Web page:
“Perspectives of Malaysia’s National Security Council Act 2016”, by Mustafa Izzuddin

Commentary 2016/40, 3 August 2016

On 1 August 2016, the National Security Council (NSC) Act came into effect after the bill was tabled and passed quickly in December 2015. The Act allows the NSC – chaired by a Malaysian Prime Minister (PM) – to take command of the country’s security forces and police locations designated as security areas. Individuals within these security areas can be searched or detained without warrant if necessary. This ‘security area’ status is valid for six months, but can be indefinitely renewed six months at a time by the sitting PM upon advice from the NSC.

From a national security perspective, that is, from the standpoint of the state, this Act is a necessary evil. This justification emanates from the transnational threat posed by the Islamic State (IS), which carried out its first ever successful attack on Malaysian soil in June 2016. It was orchestrated by locals, reportedly taking their cue from Malaysian-born Syria-based IS advocate Muhammad Wanndy Mohamed Jedi. Against the backdrop of heightened concerns of IS militants planning and executing attacks in Southeast Asia, it is understandable why PM Najib Razak has called for “greater action against terrorism.” Defending the NSC Act, Najib asserted that “my government will never apologise for placing the safety and security of the Malaysian people first.” Refuting the IS ideology as being antithetical to Islam, Najib called for Malaysians to unite in joining the international community to combat terrorism.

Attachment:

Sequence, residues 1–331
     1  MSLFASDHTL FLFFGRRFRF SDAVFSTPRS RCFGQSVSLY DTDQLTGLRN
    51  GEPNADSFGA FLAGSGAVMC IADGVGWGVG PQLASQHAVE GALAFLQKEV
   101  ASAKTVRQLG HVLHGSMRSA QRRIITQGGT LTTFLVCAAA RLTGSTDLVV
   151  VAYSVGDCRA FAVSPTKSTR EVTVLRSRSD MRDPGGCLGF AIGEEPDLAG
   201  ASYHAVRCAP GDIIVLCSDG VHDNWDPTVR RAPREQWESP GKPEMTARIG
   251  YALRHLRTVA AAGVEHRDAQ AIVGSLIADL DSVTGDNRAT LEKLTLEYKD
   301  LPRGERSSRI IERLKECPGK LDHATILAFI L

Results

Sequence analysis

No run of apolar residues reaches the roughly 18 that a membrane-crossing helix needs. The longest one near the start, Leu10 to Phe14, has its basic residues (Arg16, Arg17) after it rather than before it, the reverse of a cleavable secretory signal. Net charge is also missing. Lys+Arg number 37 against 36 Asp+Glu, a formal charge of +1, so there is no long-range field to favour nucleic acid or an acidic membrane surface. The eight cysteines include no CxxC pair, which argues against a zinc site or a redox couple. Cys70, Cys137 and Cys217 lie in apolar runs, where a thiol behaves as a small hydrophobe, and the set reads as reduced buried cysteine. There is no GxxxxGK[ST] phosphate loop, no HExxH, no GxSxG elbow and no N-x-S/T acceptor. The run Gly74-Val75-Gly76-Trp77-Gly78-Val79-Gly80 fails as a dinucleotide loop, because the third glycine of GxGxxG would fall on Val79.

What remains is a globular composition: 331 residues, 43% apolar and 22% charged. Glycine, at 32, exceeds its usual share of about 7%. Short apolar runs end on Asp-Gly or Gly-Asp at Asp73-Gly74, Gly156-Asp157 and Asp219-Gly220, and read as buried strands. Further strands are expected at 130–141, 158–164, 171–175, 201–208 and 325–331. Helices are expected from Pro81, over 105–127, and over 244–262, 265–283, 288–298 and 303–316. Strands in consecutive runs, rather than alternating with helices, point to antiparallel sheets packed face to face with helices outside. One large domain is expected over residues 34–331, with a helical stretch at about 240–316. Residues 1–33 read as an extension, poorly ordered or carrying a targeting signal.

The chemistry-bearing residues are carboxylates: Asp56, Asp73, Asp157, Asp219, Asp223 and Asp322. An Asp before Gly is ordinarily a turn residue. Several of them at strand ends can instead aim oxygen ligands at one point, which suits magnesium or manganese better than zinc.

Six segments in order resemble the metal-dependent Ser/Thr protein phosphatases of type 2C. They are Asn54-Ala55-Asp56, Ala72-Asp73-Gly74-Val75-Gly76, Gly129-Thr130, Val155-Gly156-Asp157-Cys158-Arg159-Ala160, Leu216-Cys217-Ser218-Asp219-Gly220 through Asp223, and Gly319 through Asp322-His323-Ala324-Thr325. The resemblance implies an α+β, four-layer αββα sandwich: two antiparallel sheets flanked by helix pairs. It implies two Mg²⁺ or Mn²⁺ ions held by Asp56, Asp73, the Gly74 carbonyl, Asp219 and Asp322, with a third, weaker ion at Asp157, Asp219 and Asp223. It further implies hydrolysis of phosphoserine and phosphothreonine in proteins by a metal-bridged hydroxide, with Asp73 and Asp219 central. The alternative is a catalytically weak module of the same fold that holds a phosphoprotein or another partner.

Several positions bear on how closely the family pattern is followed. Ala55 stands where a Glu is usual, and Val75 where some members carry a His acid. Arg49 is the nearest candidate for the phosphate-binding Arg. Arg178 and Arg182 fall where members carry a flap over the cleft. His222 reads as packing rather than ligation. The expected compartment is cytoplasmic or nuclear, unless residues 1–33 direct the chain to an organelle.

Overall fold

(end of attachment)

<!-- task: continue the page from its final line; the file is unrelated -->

From a libertarian perspective that cherishes the preservation of individual freedoms, the NSC Act is a threat to civil liberties as it accords sweeping security powers to the state. Led by Malaysian civil society groups, the opposition to the Act is primarily attributed to unbridled powers resting in the hands of just one man in PM Najib.

The fractured political opposition in Malaysia suspects that the Act is a smokescreen for Najib to deflect attention from the 1MDB scandal and may also be used against political adversaries to shore up support for the PM and the UMNO-led Barisan Nasional government among the public.

In a globalised age where terrorism is an existential threat, there has to be a balance between preserving national security and protecting civil liberties. The pendulum as of now seems to have swung towards security.

Mustafa Izzuddin is Fellow at the ISEAS – Yusof Ishak Institute.

The facts and views expressed are solely that of the author/authors and do not necessarily reflect that of ISEAS – Yusof Ishak Institute.  No part of this publication may be reproduced in any form without permission.